The Golden Eagle Nugget is believed to be the largest solid mass of gold ever found in Western Australia, and one of the largest nuggets ever found in the entire world.
It was unearthed by a depression-era miner working in a very remote goldfield near the famous Kalgoorlie gold mining area.
It was a man name Jim Larcombe who is often credited with the discovery, but it was actually his young 16 year-old son who unearthed the huge nugget, near the now long-abandoned town of Widgimooltha.
This area has been worked on-and-off for many years since the first discovery of gold here in the late 1800s, and the region was well-known for producing some spectacular large gold nuggets.
Western Australia is still considered one of the richest gold mining regions in the world. Prospectors using metal detectors are still finding nice nuggets here, including some spectacular pieces that are weighed in pounds and kilograms, not ounces.
Still, none have compared to the Golden Eagle Nugget. Officially weighing in at 1136 troy ounces, it is by far the biggest nugget that has been found in Western Australia.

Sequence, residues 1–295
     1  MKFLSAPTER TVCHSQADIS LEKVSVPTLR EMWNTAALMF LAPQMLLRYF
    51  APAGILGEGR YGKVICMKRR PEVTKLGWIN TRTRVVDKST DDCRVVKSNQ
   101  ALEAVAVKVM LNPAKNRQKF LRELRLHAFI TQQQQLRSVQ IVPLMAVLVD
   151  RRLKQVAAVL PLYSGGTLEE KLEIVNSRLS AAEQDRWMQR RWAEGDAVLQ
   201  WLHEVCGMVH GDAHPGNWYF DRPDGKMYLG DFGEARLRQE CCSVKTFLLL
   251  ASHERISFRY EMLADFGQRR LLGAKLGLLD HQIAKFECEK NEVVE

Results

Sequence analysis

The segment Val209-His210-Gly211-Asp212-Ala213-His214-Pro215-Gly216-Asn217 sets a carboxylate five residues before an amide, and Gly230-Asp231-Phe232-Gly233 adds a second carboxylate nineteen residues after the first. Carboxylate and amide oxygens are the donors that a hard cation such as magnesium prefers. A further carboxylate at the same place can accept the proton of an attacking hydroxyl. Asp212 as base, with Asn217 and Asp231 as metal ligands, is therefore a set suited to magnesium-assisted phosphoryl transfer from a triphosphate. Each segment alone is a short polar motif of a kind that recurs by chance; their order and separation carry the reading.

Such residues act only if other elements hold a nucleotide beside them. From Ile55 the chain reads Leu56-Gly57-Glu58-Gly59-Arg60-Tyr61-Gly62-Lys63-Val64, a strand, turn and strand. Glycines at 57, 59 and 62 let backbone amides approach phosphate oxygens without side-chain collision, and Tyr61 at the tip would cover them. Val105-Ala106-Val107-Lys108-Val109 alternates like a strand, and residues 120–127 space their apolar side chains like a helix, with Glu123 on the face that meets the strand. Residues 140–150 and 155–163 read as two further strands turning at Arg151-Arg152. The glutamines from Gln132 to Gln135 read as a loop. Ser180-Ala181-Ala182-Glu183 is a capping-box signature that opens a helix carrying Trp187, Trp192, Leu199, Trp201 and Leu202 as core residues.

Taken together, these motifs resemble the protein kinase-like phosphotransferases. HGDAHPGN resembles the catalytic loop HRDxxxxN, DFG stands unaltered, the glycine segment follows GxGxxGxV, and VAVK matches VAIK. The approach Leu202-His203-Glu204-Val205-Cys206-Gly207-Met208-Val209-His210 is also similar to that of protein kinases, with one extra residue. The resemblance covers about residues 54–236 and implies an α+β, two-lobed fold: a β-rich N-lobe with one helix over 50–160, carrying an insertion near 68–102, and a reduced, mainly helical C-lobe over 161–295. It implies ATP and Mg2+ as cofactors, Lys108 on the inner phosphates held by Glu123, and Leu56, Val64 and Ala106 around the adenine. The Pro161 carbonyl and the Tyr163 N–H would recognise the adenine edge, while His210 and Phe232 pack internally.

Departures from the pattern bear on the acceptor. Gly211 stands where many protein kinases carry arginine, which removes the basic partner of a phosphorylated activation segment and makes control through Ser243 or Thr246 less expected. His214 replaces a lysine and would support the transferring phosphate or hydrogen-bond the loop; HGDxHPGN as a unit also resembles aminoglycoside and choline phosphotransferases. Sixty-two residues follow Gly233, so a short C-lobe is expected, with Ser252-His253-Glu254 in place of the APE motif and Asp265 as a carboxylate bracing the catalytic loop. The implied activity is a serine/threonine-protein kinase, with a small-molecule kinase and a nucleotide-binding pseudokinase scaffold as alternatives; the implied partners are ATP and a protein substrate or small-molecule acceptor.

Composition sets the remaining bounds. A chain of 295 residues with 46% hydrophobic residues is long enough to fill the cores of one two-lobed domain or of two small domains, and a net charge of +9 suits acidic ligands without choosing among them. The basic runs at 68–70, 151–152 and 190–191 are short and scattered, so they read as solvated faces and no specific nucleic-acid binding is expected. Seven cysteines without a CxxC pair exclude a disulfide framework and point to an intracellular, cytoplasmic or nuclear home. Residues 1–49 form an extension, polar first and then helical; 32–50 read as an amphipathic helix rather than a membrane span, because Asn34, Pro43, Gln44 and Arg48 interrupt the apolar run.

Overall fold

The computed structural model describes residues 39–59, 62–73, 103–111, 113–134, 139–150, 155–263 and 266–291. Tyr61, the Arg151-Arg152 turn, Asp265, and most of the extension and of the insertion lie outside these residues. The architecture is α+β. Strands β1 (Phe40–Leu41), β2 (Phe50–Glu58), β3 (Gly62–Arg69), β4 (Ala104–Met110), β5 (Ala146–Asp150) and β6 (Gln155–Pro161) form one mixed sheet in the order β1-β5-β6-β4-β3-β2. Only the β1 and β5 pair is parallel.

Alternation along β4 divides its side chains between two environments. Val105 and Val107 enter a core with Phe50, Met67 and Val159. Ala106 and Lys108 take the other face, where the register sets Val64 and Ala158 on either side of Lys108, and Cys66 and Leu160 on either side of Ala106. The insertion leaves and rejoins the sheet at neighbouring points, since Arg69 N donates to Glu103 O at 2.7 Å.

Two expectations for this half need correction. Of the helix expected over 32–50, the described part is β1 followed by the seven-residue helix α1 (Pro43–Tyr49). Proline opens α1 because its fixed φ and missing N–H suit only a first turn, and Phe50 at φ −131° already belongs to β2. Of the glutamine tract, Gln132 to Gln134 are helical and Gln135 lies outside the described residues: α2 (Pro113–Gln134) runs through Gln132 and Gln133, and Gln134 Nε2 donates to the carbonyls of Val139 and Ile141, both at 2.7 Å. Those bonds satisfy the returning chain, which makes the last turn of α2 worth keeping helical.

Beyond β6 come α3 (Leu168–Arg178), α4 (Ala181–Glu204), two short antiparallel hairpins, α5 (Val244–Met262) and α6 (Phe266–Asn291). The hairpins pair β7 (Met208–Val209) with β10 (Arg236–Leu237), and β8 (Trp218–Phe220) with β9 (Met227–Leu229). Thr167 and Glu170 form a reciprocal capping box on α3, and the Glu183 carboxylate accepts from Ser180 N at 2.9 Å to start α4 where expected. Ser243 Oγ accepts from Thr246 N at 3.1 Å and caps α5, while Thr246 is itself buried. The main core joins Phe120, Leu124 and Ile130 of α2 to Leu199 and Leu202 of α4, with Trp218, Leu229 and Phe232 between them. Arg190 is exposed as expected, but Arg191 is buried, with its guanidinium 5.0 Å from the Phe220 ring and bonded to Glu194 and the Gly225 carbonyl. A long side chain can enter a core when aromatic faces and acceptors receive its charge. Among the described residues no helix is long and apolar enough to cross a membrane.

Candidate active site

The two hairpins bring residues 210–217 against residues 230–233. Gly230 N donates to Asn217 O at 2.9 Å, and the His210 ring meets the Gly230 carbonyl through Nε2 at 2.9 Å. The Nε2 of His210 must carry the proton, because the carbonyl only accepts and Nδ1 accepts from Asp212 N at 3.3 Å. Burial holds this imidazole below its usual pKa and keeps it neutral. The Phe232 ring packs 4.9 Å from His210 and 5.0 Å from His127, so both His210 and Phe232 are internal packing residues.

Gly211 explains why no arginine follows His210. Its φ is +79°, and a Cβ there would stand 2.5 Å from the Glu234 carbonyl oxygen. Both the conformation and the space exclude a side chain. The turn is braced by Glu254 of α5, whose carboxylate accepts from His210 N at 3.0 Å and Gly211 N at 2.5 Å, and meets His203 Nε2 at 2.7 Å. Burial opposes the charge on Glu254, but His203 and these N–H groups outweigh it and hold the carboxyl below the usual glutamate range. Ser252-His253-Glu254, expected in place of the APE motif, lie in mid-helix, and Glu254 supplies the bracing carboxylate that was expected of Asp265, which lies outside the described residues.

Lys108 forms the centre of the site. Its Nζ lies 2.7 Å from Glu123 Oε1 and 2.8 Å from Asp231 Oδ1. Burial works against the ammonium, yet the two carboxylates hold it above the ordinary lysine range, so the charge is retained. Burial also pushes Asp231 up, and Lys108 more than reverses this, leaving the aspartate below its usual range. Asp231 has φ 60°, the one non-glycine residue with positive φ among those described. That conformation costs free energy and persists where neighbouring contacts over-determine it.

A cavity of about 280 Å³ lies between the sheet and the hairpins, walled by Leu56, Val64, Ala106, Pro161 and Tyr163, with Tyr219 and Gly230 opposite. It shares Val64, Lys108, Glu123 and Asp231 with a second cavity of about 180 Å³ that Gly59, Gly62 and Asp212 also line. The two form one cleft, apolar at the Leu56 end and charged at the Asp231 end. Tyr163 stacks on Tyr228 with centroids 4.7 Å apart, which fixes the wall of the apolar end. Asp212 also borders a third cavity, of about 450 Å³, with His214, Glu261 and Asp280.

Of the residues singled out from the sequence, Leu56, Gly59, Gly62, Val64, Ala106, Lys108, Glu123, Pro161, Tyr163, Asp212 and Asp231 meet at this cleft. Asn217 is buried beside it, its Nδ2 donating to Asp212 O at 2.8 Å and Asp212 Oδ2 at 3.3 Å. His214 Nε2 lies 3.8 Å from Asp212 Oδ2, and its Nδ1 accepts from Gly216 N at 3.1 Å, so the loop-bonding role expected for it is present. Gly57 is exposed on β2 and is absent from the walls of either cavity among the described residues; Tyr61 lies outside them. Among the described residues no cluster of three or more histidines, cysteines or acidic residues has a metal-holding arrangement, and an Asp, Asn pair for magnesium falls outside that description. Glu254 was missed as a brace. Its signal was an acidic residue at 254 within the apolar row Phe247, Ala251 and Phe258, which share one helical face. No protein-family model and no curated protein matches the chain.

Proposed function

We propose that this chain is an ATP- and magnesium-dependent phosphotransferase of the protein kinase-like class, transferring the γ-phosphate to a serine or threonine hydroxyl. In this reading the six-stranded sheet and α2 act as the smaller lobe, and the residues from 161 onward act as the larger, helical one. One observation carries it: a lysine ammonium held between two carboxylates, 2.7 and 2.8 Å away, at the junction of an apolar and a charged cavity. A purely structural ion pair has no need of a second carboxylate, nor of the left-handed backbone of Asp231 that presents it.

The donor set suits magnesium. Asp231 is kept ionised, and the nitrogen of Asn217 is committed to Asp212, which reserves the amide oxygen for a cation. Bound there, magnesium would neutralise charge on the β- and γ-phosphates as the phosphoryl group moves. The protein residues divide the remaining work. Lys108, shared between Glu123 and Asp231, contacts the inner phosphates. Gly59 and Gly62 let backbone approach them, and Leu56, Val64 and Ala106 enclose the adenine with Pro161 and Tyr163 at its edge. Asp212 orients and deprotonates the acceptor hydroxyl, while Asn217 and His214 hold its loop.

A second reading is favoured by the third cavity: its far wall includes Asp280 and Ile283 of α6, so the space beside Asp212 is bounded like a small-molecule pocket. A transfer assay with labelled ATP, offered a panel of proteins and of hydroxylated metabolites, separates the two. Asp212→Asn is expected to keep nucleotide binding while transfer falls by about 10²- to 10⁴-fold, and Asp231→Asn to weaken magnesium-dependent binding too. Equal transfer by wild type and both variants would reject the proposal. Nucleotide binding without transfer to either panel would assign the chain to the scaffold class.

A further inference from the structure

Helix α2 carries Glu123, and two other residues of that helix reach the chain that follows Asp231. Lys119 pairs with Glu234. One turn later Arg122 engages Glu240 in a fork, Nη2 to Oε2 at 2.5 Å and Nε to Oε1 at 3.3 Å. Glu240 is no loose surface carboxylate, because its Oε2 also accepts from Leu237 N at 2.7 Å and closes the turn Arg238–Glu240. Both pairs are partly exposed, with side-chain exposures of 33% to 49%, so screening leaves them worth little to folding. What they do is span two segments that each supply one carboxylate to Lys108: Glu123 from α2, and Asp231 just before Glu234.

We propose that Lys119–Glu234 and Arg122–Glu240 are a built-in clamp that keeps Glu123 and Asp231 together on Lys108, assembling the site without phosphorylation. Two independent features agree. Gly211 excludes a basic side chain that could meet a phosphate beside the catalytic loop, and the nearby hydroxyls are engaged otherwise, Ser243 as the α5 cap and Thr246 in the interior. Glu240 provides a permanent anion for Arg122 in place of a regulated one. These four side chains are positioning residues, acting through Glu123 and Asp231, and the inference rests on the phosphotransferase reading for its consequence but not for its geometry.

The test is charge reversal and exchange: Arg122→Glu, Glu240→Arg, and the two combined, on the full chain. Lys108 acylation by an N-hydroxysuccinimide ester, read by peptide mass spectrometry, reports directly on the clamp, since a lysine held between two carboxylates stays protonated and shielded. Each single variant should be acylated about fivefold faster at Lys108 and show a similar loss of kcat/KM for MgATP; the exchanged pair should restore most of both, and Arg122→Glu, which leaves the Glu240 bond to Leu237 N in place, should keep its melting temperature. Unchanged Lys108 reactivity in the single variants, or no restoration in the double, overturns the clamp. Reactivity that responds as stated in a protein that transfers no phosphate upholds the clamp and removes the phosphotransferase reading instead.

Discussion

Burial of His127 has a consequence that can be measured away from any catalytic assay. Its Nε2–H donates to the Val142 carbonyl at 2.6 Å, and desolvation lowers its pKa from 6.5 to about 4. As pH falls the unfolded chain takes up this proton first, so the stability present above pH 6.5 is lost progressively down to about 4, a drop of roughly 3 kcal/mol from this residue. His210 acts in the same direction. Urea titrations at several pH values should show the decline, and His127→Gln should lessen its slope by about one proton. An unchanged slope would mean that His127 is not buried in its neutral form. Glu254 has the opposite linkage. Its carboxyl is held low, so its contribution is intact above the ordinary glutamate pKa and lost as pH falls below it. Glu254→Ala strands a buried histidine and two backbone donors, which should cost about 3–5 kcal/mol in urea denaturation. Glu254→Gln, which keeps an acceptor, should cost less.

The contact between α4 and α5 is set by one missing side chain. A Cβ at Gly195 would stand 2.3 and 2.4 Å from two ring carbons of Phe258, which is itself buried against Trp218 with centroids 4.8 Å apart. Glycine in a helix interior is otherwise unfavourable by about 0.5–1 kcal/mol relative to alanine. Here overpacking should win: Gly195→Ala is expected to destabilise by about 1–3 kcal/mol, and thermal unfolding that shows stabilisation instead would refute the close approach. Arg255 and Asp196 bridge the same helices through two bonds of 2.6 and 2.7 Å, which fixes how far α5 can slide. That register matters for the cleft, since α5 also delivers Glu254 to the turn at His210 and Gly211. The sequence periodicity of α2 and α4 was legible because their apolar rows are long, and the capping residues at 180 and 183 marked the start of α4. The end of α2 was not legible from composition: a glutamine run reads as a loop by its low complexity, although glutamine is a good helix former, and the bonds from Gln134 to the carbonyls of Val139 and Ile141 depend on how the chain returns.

Unfortunately, the spectacular piece of natural gold was melted down, as was almost all gold that was found during the late 1800s up through the mid-1900s. The value of the piece was simply based on its gold content, and nothing more. A mineral collector would value this much higher today, but at the time it was only worth its weight in gold.
A replica of the nugget can be seen at the Rock and Mineral Museum in Kalgoorlie.
The Perth Mint has a very nice display of gold nugget that still exist today, probably the best display of natural gold in Australia. Some other impressive discoveries like the Normandy Nugget can still be seen here, and although not as big as the Golden Eagle, there are still some spectacular nuggets.